I love driving on Gauteng freeways, when they are not notoriously congested, that is. I know most of them intimately, every curve, every dip and each rise. The interchanges can be tricky to one that isn't familiar with them, which lane, how fast and where to connect.
In January, as I approached the Buccleuch interchange, one that is very familiar to me, my dilemma could not be solved by how familiar the interchange was to me.
The question in my mind was what speed would I need to cut in front of the truck in front of me to create an impact forceful enough to end my life on the spot? The idea of driving into the barrier on the left was very seductive. I was tired, I wanted peace and I craved silence - permanent silence.
I did neither. I was driving a 4x4 bakkie on that day and I was petrified of taking the risk, surviving and possibly killing an innocent bystander. What I did was try very hard to steady my shaking hands, interrupted by the tears that heaved out of me and cloaked myself in the shame I felt as I drove on a journey I no longer felt like being on.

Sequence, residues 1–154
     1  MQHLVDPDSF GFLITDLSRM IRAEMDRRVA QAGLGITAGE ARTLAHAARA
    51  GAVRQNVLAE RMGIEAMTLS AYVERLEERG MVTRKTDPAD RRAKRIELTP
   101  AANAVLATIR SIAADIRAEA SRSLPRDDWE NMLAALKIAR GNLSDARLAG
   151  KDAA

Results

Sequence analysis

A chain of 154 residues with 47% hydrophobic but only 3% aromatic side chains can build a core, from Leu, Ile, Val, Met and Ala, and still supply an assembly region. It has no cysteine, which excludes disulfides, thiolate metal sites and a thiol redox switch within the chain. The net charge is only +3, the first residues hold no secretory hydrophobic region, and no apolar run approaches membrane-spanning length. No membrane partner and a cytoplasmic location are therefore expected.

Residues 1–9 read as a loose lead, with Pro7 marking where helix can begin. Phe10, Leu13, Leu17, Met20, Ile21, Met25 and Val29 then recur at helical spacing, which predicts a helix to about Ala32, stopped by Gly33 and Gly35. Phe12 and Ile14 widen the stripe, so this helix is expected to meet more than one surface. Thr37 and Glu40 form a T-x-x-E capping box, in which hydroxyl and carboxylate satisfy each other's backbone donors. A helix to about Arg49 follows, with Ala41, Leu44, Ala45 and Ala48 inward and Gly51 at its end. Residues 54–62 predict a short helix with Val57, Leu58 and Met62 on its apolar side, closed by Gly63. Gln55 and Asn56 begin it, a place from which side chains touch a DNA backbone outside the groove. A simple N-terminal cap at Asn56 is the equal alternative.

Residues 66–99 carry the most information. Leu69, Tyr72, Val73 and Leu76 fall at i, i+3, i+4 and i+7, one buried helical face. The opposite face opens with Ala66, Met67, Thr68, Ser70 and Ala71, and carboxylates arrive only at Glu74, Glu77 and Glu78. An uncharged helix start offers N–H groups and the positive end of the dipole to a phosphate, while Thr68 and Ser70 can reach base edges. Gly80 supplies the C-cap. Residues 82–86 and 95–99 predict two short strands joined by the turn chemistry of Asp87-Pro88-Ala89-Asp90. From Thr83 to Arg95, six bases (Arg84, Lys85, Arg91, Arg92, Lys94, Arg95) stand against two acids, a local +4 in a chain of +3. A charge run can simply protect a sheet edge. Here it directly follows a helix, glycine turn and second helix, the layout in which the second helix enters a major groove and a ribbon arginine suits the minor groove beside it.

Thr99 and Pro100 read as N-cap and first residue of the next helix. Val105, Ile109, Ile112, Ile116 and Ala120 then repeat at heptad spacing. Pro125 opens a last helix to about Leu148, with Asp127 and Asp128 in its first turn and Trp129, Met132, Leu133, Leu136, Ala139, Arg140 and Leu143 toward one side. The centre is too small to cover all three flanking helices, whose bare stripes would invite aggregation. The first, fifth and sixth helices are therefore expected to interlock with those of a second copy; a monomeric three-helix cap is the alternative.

Very few people know about this moment in my life - it's not one of my favourite memories - mostly because of the shame that still engulfs me when I think of it, but also the very real fear of not knowing for certain if I will never have those thoughts again.
I am talking about it today because of the social media buzz around "depression is real". Firstly, that is annoying. What do people imagine depression is - a myth?